Only recently I visited the Vitra Design Museum in Weil am Rhein, Germany. Vitra designs mainly furniture, chairs to be precise, and besides their ever changing expositions on all things design, they proudly show off specimens of the high quality chairs they've been doing over the years. Among them is the
Heart Cone Chair, originally designed by Verner Panton in 1959. I didn't like it. It had that overwrought look decisive (post-)modernism sometimes fell for after 1945, and because I'm all for usability, I was deeply skeptical about forcing that heart shape on a place to sit on. It just didn't make sense. And then I took a seat. I could instantly feel coming a smile to my face. Rarely had I sat on a chair more accommodating to my body and posture. Actually, it felt like it had been designed for me. Immediately I wanted to take a book out (or my iPad) and read. Playful it was, yes, but it was also immensely useable.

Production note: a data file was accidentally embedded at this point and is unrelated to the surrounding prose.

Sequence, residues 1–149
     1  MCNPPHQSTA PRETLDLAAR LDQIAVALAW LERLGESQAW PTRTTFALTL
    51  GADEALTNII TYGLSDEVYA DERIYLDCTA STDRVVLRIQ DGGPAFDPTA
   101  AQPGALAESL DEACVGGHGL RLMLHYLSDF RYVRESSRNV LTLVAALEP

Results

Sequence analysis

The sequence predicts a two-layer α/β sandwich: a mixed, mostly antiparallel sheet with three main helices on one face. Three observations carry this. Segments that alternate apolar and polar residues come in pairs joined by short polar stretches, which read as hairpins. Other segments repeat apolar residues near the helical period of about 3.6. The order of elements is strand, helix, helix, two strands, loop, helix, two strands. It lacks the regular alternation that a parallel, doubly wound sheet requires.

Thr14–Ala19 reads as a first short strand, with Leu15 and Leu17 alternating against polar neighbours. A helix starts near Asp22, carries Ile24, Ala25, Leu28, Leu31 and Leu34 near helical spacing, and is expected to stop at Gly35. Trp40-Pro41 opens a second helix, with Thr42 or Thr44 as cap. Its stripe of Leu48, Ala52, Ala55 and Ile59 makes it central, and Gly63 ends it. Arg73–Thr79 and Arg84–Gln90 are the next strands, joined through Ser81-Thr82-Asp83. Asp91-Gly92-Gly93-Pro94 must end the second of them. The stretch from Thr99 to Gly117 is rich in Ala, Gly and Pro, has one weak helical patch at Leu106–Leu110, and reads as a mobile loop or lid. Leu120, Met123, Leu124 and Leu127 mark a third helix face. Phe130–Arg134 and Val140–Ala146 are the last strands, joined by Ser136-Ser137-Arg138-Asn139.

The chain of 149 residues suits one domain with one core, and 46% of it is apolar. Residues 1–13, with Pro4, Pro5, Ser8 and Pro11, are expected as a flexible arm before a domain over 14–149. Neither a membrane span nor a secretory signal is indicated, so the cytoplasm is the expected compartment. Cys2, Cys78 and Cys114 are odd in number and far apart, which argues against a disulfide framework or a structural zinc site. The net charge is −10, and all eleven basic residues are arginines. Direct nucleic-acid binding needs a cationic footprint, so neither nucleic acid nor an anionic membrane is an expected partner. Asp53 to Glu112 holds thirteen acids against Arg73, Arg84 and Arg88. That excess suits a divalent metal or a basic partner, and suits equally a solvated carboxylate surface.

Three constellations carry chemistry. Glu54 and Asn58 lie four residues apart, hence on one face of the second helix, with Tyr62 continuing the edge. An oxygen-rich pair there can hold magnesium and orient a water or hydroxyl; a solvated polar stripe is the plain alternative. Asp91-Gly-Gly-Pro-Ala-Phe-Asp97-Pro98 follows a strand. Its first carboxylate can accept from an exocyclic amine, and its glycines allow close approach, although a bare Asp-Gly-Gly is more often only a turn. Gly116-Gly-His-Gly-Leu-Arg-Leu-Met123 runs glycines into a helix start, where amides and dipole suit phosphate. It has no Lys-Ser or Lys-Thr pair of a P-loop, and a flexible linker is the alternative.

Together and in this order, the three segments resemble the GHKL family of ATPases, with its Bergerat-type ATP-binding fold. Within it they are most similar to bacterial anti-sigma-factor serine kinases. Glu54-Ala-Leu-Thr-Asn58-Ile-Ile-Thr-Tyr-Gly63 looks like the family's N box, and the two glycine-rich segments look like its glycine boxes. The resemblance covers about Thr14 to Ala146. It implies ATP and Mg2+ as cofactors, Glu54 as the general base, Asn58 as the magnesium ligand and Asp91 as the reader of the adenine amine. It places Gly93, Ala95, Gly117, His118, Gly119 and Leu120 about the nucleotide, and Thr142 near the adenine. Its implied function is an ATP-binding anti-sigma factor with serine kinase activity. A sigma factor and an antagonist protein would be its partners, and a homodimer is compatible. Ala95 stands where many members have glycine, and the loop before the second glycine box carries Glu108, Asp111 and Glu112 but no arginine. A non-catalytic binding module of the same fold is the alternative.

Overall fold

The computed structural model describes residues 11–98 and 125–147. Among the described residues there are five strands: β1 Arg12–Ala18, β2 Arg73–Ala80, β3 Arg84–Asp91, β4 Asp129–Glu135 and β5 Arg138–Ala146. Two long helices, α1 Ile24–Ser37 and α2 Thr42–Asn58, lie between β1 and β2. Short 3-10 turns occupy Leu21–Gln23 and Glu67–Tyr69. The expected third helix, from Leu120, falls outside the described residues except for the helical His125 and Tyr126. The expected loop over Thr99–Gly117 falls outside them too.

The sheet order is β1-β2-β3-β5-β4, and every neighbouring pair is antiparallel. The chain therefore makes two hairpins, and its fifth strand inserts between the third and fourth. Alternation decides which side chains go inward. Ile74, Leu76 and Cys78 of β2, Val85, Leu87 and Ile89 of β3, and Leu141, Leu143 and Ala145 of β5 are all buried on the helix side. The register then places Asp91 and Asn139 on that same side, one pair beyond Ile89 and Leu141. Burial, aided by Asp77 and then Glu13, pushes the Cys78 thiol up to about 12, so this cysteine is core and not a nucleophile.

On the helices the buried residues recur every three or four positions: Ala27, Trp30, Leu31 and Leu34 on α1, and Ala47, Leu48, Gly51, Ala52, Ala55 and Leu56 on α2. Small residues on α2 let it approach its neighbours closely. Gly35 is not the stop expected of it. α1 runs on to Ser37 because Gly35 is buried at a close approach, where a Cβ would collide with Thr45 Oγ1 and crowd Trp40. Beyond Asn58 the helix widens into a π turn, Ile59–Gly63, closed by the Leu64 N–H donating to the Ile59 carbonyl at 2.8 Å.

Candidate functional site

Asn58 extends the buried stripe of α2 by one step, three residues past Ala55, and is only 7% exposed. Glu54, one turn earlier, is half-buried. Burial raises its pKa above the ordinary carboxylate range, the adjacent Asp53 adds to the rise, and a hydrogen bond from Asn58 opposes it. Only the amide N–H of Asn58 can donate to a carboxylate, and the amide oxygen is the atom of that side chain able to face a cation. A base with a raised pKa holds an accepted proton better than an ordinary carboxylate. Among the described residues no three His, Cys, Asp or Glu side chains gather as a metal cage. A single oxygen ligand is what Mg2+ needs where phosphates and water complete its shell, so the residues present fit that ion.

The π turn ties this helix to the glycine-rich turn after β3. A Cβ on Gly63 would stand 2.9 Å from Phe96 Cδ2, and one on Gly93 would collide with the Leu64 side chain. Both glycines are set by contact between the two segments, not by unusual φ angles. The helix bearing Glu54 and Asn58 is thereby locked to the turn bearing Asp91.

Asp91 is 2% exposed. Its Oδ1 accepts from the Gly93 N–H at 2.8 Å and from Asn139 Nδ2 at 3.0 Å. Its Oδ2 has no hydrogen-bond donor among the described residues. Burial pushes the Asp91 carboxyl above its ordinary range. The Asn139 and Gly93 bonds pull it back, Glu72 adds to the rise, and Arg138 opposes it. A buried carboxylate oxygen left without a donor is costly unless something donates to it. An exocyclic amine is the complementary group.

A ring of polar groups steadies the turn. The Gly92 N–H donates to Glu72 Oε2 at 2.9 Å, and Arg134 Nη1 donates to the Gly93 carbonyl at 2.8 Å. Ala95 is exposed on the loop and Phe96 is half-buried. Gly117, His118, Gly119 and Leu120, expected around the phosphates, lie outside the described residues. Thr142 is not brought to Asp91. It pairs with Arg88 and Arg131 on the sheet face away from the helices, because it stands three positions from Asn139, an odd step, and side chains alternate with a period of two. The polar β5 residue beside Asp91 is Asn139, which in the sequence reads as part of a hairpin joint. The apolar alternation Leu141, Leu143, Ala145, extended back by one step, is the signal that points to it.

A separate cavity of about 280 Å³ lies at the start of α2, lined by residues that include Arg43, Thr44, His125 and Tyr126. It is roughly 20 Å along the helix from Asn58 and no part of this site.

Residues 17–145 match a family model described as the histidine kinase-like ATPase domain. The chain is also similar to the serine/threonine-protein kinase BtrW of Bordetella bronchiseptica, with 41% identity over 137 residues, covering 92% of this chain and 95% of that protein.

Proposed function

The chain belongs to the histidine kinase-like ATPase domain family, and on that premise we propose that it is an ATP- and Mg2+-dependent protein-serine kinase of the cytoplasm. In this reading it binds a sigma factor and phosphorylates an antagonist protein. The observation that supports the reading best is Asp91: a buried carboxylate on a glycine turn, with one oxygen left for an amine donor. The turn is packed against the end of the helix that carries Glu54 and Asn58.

How does this little story relate to disruptions? Obviously the Heart Cone Chair is a perfect example for a job well done, but what exactly had been the job? From the viewpoint of disruptology it had been Panton's job to make people comfortable in the world they were about to enter in 1959. The design of this chair is saying something like this: "Postmodernism is ok. Plastics, computers, going to space and all those other things are ok, they could even be fun. Take a seat, we'll be in there together." This comforting message could still be heard in 2014 - which says a lot about the ingenuity of Verner Panton's design.

Why are there so very few Heart Cone Chairs in the interconnected world we are about to enter? Why do many people feel so ill at ease here - even if they don't always admit it?

So here's a definition my little experience with the Heart Cone Chair was the inspiration for:

Good design is the language of a transition well managed.

Immediately the question arises: how will
you design your disruptions so that people can enjoy them?

Striving for invisibility